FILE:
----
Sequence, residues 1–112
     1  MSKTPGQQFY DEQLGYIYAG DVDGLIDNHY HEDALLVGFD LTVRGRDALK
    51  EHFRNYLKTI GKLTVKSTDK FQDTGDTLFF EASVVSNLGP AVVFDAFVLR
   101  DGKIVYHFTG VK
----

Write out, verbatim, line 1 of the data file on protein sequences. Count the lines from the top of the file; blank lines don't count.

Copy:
Sequence, residues 1–112